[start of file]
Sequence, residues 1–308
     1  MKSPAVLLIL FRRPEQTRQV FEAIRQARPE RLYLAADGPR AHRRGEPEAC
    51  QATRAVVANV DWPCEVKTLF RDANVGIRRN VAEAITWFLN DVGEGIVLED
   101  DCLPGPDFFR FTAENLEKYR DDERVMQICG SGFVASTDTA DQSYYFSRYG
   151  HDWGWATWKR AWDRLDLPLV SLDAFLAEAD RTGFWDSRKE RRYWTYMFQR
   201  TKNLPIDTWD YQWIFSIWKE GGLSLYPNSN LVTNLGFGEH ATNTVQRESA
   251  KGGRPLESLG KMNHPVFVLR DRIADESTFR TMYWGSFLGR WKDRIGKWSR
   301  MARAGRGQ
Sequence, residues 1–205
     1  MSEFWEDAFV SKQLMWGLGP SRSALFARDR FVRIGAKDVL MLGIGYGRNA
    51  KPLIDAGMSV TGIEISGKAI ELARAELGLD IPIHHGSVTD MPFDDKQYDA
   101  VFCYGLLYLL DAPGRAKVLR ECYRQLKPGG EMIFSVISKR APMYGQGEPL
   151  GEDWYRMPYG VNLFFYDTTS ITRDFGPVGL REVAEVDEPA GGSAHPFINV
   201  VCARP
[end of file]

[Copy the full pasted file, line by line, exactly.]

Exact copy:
Sequence, residues 1–308
     1  MKSPAVLLIL FRRPEQTRQV FEAIRQARPE RLYLAADGPR AHRRGEPEAC
    51  QATRAVVANV DWPCEVKTLF RDANVGIRRN VAEAITWFLN DVGEGIVLED
   101  DCLPGPDFFR FTAENLEKYR DDERVMQICG SGFVASTDTA DQSYYFSRYG
   151  HDWGWATWKR AWDRLDLPLV SLDAFLAEAD RTGFWDSRKE RRYWTYMFQR
   201  TKNLPIDTWD YQWIFSIWKE GGLSLYPNSN LVTNLGFGEH ATNTVQRESA
   251  KGGRPLESLG KMNHPVFVLR DRIADESTFR TMYWGSFLGR WKDRIGKWSR
   301  MARAGRGQ
Sequence, residues 1–205
     1  MSEFWEDAFV SKQLMWGLGP SRSALFARDR FVRIGAKDVL MLGIGYGRNA
    51  KPLIDAGMSV TGIEISGKAI ELARAELGLD IPIHHGSVTD MPFDDKQYDA
   101  VFCYGLLYLL DAPGRAKVLR ECYRQLKPGG EMIFSVISKR APMYGQGEPL
   151  GEDWYRMPYG VNLFFYDTTS ITRDFGPVGL REVAEVDEPA GGSAHPFINV
   201  VCARP